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Self-Harm

 

Basement Project

The Basement Project provides support groups for those who have been abused as children and people who self-harm.

T: 01873 856524

 

 

Elefriends

Elefriends is a supportive online community where you can be yourself. This is a safe place to listen, share and be heard. Whether you’re feeling good right now, or really low, it’s a safe place to share experiences and listen to others.

 

 

Harmless

Harmless is a user-led organisation that provides a range of services about self harm including support, information, training and consultancy to people who self harm, their friends, families and professionals.                                                         

 

 

Mind – Self-harm

Mind website explains self-harm, including possible causes and how you can access treatment and support. The site also includes tips for helping yourself, and guidance for friends and family.

 

 

National Self-Harm Network (NSHN)

NSHN is a Survivor-led organisation for people who self-harm and also provides support for their friends and family.

Helpline: 0800 622 6000

 


Self-Injury Support Group WHISC

The group meets fortnightly and provides a safe space for women to positively explore emotional issues around self-injury. For more information please contact the Women’s Health Information and Support Centre (WHISC):

T: 0151 707 1826

E: women@whisc.org.uk

 

 

Self-Injury Support Group YPAS

The group aims to bring young people 16-25 years old together to share and explore their self-injury in a safe supportive environment.

T: 0151 707 1025

E: support@ypas.org.uk

 

 

TESS text and email support service

TESS are a text and email support service for women. The service is for girls and women up to the age of 25 who self-harm. They’re open Mon-Fri 7pm-9pm.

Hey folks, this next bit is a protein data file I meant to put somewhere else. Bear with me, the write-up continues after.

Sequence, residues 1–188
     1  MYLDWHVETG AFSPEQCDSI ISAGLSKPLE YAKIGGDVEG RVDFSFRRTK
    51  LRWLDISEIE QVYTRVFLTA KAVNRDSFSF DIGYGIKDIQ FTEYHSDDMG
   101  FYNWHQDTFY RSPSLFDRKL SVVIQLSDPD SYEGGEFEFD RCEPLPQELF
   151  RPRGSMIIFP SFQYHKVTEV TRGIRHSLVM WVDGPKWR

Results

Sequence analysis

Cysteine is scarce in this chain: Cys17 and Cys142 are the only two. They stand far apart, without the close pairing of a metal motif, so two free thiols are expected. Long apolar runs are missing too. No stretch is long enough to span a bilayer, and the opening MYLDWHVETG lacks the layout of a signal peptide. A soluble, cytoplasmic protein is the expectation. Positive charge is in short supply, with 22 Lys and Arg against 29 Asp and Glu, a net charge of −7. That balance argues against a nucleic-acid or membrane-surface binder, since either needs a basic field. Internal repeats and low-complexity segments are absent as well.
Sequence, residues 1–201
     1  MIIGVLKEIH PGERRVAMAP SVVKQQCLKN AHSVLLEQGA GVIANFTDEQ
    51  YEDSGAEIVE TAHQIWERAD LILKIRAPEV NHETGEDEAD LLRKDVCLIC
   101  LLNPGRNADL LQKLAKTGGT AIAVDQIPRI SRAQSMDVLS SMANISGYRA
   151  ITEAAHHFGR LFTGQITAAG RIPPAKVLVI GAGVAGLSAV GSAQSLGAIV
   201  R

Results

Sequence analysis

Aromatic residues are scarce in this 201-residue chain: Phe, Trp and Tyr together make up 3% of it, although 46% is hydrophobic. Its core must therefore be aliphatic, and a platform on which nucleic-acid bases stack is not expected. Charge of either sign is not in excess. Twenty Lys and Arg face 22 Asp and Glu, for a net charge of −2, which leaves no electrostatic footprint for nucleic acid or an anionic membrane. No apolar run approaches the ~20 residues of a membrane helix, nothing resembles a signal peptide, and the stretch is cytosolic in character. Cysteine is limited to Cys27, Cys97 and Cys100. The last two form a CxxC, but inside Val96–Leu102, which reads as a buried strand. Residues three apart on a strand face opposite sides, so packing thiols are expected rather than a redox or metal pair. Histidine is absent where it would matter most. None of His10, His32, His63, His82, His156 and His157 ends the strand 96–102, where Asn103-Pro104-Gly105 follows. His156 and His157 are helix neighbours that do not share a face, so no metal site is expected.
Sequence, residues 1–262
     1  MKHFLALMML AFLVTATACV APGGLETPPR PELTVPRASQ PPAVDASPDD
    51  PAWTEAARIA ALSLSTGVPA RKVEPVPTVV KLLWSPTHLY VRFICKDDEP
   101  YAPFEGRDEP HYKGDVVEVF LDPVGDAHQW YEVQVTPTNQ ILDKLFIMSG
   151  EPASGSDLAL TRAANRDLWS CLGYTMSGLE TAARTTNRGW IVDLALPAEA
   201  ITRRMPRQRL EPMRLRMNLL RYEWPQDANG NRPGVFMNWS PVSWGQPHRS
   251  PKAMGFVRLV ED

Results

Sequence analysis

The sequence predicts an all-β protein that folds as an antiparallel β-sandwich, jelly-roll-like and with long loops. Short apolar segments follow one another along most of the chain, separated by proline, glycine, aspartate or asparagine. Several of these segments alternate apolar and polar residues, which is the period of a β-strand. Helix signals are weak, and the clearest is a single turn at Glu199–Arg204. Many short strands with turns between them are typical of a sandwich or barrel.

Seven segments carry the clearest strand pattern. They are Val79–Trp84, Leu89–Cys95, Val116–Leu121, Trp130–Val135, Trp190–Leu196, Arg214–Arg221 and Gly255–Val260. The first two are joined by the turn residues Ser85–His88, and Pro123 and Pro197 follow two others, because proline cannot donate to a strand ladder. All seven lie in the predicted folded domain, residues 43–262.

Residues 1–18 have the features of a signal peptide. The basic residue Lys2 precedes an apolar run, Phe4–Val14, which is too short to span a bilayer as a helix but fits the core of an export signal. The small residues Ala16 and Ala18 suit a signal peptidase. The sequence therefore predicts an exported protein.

T: 07800472908

 

Self-harm Phone Apps

 

SAFE Alternatives

SAFE Alternatives is a world renowned treatment program that in its more than Twenty-Five years of operation has helped thousands of people successfully end self-injurious behaviour. A treatment team of experts uses therapy, education, and support to empower clients to identify healthier ways to cope with emotional distress.

 

Self-harm books

 

The scarred soul: understanding and ending self-inflicted violence

Tracy Alderman, New Harbinger 1997

Written for the victims of this addiction, and for mental health professionals, The Scarred Soul explores the reasons behind this behaviour and shows how to overcome the psychological traps that lead to self-destructive acts.

 

For friends and family: a guide for supporters of women and girls who self-injure

The aim of this booklet is to help those who want to understand and support a woman or young person who struggles with self-injury. Lois Arnold (1998) Bristol Crisis Service for Women, Available from: http://www.selfinjurysupport.org.uk/publications-about-self-injury

 

Women who hurt themselves

A book that provides help for the thousands of women who secretly inflict violence on themselves.

D.Miller (2005). Women who hurt themselves: A book of Hope and Understanding. New York: Basic Books.

 

Healing the hurt within: understand self-injury and self-harm and heal the emotional wounds.

Offers solace and direction to those who self-injure; guidance to family and friends supporting a loved one who self-injures; and guidelines to professionals and voluntary caregivers on how to respond to clients that self-injure.

Sutton, J. (2007) Healing the hurt within: understand self-injury and self-harm and heal the emotional wounds. Oxford: How to Books Ltd.